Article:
- Chemotherapy. Chemotherapy uses chemicals to kill cancer cells. It is not clear whether chemotherapy is really useful in women with vaginal cancer. Chemotherapy is usually given by injection (called intravenous chemotherapy).Chemotherapy is sometimes used during radiation therapy to enhance the effectiveness of radiation. Like radiotherapy, the powerful cancer-killing medicines used in chemotherapy can also damage healthy tissue and cause a range of side effects. Side effects of chemotherapy include nausea, vomiting, hair loss, and fatigue. Chemotherapy can also weaken the immune system. However, the side effects should stop once treatment has finished.
- Clinical trials. Clinical trials are experiments to test new treatment methods. Most clinical trials involve comparing a new treatment with an existing treatment to determine whether the new treatment is more or less effective. They give a chance to try the latest treatment advances, but a cure is not guaranteed.
What are the complications of vaginal cancer?
Emotional effects of treatment
Treatment for vaginal cancer can have a significant emotional impact, particularly in women who have not yet reached the menopause and need to have radiotherapy or a hysterectomy.
Both these treatments trigger an early menopause, which means that many women have to come to terms with the fact that they will never be able to have children. This can be particularly traumatic for women who have clear cell adenocarcinoma because they are usually teenagers when the cancer develops.
The removal of some or the entire vagina can be traumatic for pre- and post-menopausal women alike. Many women feel less ‘womanly’ than before. In some women, this may trigger the start of depression.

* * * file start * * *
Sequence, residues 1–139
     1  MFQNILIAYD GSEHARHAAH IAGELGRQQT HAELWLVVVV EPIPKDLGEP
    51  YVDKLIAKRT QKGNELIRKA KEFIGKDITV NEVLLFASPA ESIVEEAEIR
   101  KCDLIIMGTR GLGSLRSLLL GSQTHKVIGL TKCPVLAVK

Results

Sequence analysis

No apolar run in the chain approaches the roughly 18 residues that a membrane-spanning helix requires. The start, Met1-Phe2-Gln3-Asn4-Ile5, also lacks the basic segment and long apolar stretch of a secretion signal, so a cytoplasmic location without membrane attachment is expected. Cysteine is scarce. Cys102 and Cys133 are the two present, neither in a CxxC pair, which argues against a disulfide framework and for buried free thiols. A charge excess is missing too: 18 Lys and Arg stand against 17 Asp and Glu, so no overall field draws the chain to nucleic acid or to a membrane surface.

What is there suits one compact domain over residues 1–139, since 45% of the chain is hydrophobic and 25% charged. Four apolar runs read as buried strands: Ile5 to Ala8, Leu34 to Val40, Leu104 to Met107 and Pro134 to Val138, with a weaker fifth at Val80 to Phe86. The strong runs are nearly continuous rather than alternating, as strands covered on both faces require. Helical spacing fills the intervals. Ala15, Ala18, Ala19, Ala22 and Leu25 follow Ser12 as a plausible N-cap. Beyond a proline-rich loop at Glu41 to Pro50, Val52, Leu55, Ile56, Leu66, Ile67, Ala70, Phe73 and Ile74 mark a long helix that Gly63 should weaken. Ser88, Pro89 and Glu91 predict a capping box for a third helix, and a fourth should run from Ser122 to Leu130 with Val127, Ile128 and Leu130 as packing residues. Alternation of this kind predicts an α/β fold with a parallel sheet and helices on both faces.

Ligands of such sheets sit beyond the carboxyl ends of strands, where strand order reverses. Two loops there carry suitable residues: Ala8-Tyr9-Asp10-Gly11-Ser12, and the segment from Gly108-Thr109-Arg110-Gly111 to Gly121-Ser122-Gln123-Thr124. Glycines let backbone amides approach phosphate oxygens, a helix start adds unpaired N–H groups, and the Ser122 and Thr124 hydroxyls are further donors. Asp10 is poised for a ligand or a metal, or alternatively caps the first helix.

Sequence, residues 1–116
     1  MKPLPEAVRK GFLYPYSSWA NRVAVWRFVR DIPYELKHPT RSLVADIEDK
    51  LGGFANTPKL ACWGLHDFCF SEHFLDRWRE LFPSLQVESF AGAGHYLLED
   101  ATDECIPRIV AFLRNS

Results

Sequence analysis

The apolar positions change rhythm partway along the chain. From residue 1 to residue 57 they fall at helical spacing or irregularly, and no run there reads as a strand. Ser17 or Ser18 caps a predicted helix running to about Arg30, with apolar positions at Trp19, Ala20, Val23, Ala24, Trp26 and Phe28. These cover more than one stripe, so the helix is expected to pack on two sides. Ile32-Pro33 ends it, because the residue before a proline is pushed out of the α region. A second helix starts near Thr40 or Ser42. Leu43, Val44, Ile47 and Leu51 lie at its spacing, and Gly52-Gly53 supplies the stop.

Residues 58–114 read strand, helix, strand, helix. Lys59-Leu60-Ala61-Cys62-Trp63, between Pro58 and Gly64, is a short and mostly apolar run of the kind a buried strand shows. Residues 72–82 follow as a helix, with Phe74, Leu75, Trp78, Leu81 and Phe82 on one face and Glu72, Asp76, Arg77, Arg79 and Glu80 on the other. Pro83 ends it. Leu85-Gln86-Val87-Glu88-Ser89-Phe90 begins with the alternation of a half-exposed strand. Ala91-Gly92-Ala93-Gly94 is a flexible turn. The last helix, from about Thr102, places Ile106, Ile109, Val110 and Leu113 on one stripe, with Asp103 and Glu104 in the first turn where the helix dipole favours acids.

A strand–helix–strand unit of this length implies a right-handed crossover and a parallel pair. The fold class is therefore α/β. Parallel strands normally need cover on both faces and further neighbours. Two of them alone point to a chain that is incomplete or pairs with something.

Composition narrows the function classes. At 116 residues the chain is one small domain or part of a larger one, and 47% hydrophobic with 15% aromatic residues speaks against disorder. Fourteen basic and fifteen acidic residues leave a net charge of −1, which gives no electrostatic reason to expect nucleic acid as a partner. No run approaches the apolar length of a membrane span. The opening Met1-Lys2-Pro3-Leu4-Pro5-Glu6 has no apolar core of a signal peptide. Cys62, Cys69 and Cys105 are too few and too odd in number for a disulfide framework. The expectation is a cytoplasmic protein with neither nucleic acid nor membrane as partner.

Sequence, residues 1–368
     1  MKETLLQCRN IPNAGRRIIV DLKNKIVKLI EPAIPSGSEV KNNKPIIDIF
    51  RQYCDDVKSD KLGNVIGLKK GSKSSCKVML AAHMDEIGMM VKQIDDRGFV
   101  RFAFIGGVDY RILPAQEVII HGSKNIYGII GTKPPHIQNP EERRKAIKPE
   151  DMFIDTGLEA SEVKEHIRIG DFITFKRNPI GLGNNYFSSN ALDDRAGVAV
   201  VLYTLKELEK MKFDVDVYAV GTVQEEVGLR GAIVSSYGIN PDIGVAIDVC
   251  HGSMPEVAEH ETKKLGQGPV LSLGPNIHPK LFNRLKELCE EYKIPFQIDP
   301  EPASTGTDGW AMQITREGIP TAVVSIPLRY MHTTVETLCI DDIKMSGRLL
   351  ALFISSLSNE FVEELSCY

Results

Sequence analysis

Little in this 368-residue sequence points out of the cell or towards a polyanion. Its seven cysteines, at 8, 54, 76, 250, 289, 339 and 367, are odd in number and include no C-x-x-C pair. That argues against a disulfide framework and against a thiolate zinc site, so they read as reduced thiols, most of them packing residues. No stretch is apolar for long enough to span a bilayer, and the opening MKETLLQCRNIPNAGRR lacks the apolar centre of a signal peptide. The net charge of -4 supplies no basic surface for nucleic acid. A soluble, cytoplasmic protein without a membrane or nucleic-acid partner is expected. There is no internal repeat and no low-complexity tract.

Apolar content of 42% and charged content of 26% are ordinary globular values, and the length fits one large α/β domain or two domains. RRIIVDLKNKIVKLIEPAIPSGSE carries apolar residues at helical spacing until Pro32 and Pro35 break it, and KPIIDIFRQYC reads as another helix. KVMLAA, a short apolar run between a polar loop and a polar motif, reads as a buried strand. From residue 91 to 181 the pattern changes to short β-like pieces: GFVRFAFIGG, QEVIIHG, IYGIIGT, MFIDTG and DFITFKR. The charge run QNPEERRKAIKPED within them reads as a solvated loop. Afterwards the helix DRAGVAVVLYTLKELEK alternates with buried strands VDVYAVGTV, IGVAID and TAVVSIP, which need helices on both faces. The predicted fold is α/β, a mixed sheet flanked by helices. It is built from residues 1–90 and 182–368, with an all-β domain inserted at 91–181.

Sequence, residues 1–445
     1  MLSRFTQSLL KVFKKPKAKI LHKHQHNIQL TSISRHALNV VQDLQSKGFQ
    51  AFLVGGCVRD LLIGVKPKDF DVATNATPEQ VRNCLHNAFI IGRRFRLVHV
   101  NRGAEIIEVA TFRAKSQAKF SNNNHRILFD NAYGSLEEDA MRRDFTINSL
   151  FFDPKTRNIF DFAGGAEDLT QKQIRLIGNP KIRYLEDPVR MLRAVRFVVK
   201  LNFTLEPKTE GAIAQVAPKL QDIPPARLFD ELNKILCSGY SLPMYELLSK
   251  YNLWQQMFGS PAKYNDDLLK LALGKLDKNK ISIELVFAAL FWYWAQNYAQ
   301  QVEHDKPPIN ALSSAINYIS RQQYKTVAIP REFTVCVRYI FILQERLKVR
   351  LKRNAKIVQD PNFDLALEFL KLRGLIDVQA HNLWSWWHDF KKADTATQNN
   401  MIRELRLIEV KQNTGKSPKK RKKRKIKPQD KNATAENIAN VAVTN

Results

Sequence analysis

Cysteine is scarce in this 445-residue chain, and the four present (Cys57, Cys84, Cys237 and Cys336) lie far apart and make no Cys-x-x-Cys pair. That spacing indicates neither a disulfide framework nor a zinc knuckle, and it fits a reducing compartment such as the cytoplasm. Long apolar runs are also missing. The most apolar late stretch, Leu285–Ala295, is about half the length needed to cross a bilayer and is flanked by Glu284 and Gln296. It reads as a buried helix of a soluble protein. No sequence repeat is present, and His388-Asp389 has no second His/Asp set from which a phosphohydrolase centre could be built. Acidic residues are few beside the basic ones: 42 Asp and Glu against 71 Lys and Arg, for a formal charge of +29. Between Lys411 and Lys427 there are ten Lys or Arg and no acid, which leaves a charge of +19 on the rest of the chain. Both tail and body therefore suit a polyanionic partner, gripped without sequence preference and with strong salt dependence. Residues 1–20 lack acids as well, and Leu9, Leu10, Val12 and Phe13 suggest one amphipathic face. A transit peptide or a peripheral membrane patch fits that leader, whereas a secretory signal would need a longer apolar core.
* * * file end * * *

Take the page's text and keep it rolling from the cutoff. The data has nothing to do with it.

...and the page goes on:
Talking to other women who have had similar treatment can give emotional support and reassurance. Enquire about a suitable local support group.
How can vaginal cancer be prevented?
There is no sure way to prevent vaginal cancer. However, having routine pelvic exams and Pap tests increases the chance that vaginal cancer is discovered early. When discovered in its earliest stages, vaginal cancer is more likely to be cured. Doctors recommend women get pelvic exams and Pap tests soon after they have begun having sexual intercourse or by age 21.
There is a strong link between certain types of human papilloma virus (HPV) and the development of abnormalities that may develop into vaginal cancer.
Vaccines such as Gardasil and Cervarix are now available. They provide protection against the two strains of HPV that are thought to be responsible for most cases of vaginal cancer. HPV vaccination also protects against cervical cancer, which is far more common than vaginal cancer.
Girls should be offered the HPV vaccine as part of their routine childhood immunization program. The vaccine should be given to girls who are 12 to 13 years old, with three doses given over six months. The HPV vaccine does not provide protection against all strains of HPV. As HPV is spread through unprotected sex, using a condom is the best way to avoid it.
Early first intercourse is associated with vaginal cancer. Delaying first sexual experience may also help prevent vaginal cancer. In addition, avoiding having sex with multiple partners may also reduce risk of vaginal cancer. Quitting smoking or never starting to smoke also may decrease the risk of vaginal cancer.
During cancer treatment: